India’s embarrassing mishap of banning the popular Chinese app “Tiktok” should have been a lesson in how blanket bans, instead of regulation, can inflict more damage than the perceived benefits. Unfortunately, this message does not seem to have registered with Pakistan Telecommunication Authority (PTA), which when faced with some complaints about the popular mobile game “PUBG Mobile”, responded with temporarily suspending the game, instead of looking into the nature of the complaints and seeking a more measured response.

PTA’s press release about the ban encouraged the public to provide feedback about the online game and the consequential suspension of it. However, had the PTA solicited the views of the public before this emergency blanket ban, it would’ve received sensible and scientific feedback from those most impacted on why this prohibition makes no sense. It is not fair to blame one game for addiction and deterioration of mental health—these are extremely complex and layered problems which the suspension of one game, out of thousands, will not solve. Banning an online game instead of seeking further insight into why mental health issues are rising and making therapy accessible is a cop-out. This policy is tantamount to banning all universities just because the pressures of education have taken a fatal toll on some.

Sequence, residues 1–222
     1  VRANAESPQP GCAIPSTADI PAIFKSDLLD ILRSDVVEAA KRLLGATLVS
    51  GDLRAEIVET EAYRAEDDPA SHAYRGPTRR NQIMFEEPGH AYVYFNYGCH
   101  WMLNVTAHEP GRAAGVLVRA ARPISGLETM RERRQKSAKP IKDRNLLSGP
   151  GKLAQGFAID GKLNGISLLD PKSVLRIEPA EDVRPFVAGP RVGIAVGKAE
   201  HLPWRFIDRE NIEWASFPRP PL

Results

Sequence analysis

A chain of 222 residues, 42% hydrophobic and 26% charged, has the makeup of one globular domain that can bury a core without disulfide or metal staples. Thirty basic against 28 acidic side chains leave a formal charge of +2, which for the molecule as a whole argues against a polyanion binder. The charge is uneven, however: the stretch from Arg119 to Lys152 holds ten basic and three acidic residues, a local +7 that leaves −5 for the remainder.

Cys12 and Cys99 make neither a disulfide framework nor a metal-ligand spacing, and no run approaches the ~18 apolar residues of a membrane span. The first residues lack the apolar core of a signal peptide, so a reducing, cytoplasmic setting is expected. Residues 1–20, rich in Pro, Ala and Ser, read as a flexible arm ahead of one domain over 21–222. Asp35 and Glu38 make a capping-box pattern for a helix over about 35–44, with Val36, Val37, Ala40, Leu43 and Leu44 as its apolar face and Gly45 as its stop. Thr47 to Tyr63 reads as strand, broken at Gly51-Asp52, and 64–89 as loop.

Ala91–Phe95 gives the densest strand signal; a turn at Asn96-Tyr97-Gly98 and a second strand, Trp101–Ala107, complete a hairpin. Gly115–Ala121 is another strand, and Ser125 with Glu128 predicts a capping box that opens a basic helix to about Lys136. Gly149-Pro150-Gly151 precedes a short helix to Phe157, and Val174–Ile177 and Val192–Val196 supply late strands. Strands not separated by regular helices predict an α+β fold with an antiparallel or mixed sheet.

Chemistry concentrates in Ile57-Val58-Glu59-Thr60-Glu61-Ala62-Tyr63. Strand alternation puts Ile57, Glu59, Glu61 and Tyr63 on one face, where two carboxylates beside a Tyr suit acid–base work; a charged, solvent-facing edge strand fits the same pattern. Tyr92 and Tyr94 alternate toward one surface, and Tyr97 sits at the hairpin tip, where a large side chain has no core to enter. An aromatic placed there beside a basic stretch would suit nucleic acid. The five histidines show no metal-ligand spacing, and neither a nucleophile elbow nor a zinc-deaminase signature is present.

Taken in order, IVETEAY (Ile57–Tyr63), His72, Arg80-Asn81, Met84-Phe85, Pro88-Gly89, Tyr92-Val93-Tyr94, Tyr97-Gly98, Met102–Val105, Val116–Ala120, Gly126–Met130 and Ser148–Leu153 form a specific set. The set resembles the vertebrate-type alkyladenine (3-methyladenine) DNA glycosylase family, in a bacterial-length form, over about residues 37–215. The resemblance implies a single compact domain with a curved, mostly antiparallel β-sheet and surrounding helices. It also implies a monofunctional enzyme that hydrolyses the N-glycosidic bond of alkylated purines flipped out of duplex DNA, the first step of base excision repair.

It would also have been helpful had the PTA done more research into PUBG and seen how the game has brought about a mini professional gaming revolution in Pakistan. It is a game that bridges class divide because anyone can play it on the phone unlike the old days of an expensive PC or console. A lot of people are making a lot of money because of it, and it’s also their only source of income.

This ban will be similar to the ban on YouTube; one that deprives many more than the few it benefits. The people paying the price will be gamers that predominantly hail from lower income groups, for whom this easily accessible app was an equaliser to the world of profit and fame.